Spring has sprung and we’re all looking forward to warmer weather and fun days out with our dogs. For those with green fingers, it's a busy time of the year, planting and sprucing up the garden, so we took a look at some of the issues affecting our dogs at this time of year.
Our dogs love nothing more than snouting around and digging in the garden and a young puppy or a dog that is feeling stressed will eat just about anything, including the plants in your garden.
Plants that won’t harm your dog include: Alocasia, Amaryllis bulbs, Azaleas, Bluebells, Daffodil bulbs, or Foxglove, Snapdragons, Michaelmas daisies, Camellias, Rose, Sunflowers, Elaeagnus, Centaurea (cornflowers), Impatiens and Calendula.
Generally speaking dogs don’t usually eat poisonous plants but accidental poisoning can happen, like when a dog chews or swallows something where the toxic element is concealed. Apple seeds contain a small amount of cyanide, if your dog were to eat a lot of apples the toxicity levels would definitely build up. Cherry, almond and peach stones have the same hidden toxicity issue.
Cyclamens tubers, Crocuses, Conkers and the berry bearing Holly and Mistletoe are poisonous to dogs, but they would have to eat a great deal to get into any serious trouble
How do I stop my dog from digging up my bulbs?
If your pooch is being mischievous, messing with your freshly planted bulbs, distraction can be helpful. Try channeling their excess energy with extra long walks, playing ball with them and getting them chew toys to redirect their attention.
If you have a sandbox for your dog in your garden, hide treats, bones or toys in the sand so your dog understands this is their personal digging place.
To deter them from digging in your garden, try burying plastic netting just under the surface of the soil. Citrus peels at the base of favoured plants don’t smell good to dogs so can keep them from nosing about. Also, you could plant thorny shrubs to protect a particular area from your dog.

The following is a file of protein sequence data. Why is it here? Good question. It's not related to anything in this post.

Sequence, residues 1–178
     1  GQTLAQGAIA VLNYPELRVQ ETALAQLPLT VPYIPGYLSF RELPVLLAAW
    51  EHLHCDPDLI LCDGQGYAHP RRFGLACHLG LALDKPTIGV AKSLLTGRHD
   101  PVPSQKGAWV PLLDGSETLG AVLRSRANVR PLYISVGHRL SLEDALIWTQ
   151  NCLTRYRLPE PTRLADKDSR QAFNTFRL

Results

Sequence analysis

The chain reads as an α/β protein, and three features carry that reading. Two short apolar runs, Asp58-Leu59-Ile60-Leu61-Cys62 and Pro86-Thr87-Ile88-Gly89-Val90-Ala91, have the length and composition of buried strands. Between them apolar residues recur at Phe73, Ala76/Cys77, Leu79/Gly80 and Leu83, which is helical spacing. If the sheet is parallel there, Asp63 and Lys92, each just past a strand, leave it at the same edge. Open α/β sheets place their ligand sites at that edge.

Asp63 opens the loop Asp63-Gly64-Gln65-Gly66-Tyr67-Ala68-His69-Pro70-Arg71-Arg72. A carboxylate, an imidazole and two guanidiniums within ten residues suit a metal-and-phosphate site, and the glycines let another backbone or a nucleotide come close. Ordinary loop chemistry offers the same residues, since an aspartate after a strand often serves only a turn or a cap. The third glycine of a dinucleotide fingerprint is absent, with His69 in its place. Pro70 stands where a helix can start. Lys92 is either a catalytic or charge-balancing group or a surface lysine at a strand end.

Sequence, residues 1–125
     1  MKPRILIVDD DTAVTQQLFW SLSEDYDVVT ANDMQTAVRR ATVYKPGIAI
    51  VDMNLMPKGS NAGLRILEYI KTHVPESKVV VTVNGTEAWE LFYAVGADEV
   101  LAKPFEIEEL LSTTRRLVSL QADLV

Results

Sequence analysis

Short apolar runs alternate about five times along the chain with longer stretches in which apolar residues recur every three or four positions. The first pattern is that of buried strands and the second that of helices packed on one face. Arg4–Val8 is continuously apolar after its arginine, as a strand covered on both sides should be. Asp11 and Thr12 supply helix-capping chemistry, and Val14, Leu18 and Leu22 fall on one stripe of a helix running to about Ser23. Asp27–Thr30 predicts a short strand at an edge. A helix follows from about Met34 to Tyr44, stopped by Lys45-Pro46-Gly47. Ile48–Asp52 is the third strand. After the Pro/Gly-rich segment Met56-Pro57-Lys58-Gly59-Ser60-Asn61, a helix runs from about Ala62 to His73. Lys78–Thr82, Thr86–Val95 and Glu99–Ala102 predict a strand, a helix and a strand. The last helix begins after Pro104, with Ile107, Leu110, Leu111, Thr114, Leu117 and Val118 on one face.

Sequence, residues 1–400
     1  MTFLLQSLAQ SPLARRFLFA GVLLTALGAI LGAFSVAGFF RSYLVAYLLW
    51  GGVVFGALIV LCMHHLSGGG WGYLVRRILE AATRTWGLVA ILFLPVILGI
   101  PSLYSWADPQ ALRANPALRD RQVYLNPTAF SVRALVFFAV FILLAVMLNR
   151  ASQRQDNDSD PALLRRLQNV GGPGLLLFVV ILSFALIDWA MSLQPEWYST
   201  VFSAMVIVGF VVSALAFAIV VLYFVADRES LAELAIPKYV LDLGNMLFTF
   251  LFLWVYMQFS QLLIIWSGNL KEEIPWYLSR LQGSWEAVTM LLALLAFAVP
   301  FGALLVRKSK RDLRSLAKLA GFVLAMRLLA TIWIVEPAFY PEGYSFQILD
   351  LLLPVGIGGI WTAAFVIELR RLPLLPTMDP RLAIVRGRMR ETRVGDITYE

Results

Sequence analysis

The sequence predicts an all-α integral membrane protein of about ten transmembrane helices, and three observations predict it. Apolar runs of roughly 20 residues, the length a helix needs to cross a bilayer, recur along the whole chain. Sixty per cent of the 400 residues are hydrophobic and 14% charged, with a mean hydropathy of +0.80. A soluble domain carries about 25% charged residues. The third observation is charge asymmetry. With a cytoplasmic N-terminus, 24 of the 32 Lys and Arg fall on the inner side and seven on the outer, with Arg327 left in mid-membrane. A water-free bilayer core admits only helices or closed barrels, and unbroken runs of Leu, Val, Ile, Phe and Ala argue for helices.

Are berries toxic to dogs?
Spring is a time when we humans get to enjoy all different kinds of berries but not all of them are safe for dogs. If you’re not sure which ones are safe for your furry best friend, it’s a good idea to keep your dog off all berries
But if you do give them to your dog , too many berries, even of the safe variety, will likely cause diarrhoea for a day or two, so it isn't advisable to gorge on them.
Most hedgerow berries are safe in modest amounts, although your dog would need to navigate the thorns to reach them. Elderberries are safe, but the leaves and stems are high in toxins, bad for both humans and dogs. The berries contain vitamin C & A, and iron, iodine and bioflavonoids. All brilliant goodness for us and our dogs.
Dog Wood Berries, Rose Hips or Dog Rose are perfectly safe and contain vitamin C. Blackberries contain potassium , magnesium and copper. Hawthorn, a shrub or a tree, has berries that are quite safe, even in large amounts but it doesn’t impart much goodness. Blackthorn and Bullace are varieties of Hedgerow plums, most usually purple in colour and are also safe for dogs to eat.
Have fun and stay safe as you bask in the joys of spring at home or out 'n about with your pooch.
Does your dog speak your language? Read: Did You Know Your Dog Has The Vocab Of A Toddler